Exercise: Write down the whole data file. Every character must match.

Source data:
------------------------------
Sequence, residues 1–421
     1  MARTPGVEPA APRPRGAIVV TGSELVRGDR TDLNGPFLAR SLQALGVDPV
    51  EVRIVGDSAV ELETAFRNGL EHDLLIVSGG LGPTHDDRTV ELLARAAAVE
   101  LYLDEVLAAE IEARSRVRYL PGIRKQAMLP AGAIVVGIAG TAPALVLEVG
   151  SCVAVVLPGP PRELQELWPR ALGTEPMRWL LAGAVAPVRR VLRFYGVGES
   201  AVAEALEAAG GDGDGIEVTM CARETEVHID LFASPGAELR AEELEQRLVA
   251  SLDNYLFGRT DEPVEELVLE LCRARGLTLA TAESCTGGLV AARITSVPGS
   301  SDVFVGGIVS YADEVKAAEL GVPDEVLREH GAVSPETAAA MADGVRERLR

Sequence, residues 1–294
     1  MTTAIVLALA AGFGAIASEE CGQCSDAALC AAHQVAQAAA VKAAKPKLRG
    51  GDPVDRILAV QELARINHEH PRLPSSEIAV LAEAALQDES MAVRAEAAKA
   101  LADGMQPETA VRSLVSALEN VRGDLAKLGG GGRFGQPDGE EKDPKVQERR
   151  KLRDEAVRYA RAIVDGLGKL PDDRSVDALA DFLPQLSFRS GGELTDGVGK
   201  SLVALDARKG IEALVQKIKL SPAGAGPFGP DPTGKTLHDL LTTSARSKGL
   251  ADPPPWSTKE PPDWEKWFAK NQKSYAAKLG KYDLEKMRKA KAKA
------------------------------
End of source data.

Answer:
Sequence, residues 1–421
     1  MARTPGVEPA APRPRGAIVV TGSELVRGDR TDLNGPFLAR SLQALGVDPV
    51  EVRIVGDSAV ELETAFRNGL EHDLLIVSGG LGPTHDDRTV ELLARAAAVE
   101  LYLDEVLAAE IEARSRVRYL PGIRKQAMLP AGAIVVGIAG TAPALVLEVG
   151  SCVAVVLPGP PRELQELWPR ALGTEPMRWL LAGAVAPVRR VLRFYGVGES
   201  AVAEALEAAG GDGDGIEVTM CARETEVHID LFASPGAELR AEELEQRLVA
   251  SLDNYLFGRT DEPVEELVLE LCRARGLTLA TAESCTGGLV AARITSVPGS
   301  SDVFVGGIVS YADEVKAAEL GVPDEVLREH GAVSPETAAA MADGVRERLR

Sequence, residues 1–294
     1  MTTAIVLALA AGFGAIASEE CGQCSDAALC AAHQVAQAAA VKAAKPKLRG
    51  GDPVDRILAV QELARINHEH PRLPSSEIAV LAEAALQDES MAVRAEAAKA
   101  LADGMQPETA VRSLVSALEN VRGDLAKLGG GGRFGQPDGE EKDPKVQERR
   151  KLRDEAVRYA RAIVDGLGKL PDDRSVDALA DFLPQLSFRS GGELTDGVGK
   201  SLVALDARKG IEALVQKIKL SPAGAGPFGP DPTGKTLHDL LTTSARSKGL
   251  ADPPPWSTKE PPDWEKWFAK NQKSYAAKLG KYDLEKMRKA KAKA